* Marketing publications. Be sure you're coordinating with all your other departments to ensure they're putting the right domain name on their marketing materials. This is an internal challenge that has big ramifications for your external communications.

Our IT department did a nice job creating a resource page for our campus community to use during the transition. See http://helpdesk.mst.edu/namechange/ . We tried to reinforce their work with our externally-focused name change blog, http://namechange.mst.edu/ .

Good luck,
Andy
Just don't forget to put the proper redirects in place or you'll lose your organic search rankings. All of the pages of your site that have been crawled and indexed by the major search engines will be pointing to dead links if you don't.
And proper redirects means 301 - moved permanently redirects. There are many ways to do this, but the best IMHO is in the .htaccess file (for Apache web servers). Here is a list of ways to accomplish the redirect: http://www.webconfs.com/how-to-redirect-a-webpage.php.

If you are just changing the TLD, then you can use wildcards to easily redirect all pages. If you are changing directory or file names at the same time, you will have to account for that in your redirection rules.

Have the redirection rules written before you "flip the switch" to the new domain name. Then, once any DNS changes have propagated, implement the redirection rules on the old domain immediately. Make sure to TEST the redirects! Then try to leave this setup in place for several months to give the search engines time to discover the redirects and process all of the changes, pass pagerank from the old URLs to the new ones, etc.
We are evaluating the impact of such a change at our institution. uncc.edu > charlotte.edu but it is just R&D at this point. Legal thinks we can get an extra 6 months added on to the dual domains so 1 year to switch is doable... just not sure if it is worth the impact.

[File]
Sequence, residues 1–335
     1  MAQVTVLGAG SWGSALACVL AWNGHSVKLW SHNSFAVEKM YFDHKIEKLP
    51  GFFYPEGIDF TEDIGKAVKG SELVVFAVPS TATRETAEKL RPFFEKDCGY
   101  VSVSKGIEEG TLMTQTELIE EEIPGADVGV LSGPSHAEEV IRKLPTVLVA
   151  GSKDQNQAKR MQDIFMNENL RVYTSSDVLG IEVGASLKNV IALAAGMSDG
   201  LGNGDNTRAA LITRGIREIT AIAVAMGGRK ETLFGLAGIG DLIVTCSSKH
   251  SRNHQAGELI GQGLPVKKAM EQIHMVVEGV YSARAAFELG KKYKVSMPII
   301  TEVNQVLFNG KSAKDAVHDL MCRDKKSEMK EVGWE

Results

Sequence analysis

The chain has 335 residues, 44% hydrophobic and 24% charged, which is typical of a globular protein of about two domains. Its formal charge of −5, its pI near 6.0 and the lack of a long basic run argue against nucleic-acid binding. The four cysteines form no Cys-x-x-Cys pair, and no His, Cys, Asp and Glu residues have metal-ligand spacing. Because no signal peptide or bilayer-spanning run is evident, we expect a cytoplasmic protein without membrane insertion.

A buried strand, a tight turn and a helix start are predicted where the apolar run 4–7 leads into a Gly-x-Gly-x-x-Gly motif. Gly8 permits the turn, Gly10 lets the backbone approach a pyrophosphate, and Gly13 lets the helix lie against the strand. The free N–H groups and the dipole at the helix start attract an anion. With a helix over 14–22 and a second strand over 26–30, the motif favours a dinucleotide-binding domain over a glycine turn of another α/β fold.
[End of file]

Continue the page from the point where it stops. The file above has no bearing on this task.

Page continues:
Considerations:
- All Search rankings could go away. Sure there are ways to re-index.. but this is challenging in itself.
- Our Portal SCT's Luminis would need to be reinstalled to do a name change.... per the vendor... this is huge!
- publications may never get resolved. We recently went through an email change from @email.uncc.edu to @uncc.edu and dropped the old one after a year. We will see if this has a serious impact or not. We would basically have to do it again with a domain name change.
- Scrub the web to change links... config files on every server, AD and Novell changes, DNS entries... the list is endless.

Putting a dollar value to this is tough. I get the marketing reasoning, but as an IT professional.. this is huge!
Excluding the technical issues, it can cause big SEO problems as many of the search engines look at the age of the domain name in ranking content. For example if a website was setup yesterday the search engines will think that the website isn't as authoritative as one that has been running 15 years.

I would suggest that you just map the new address to the old. Use the new domain on printed marketing materials and then in about 2 years time review how the search engines are indexing your content. It's not a quick job and you'll need to conduct a huge amount of testing.

Piero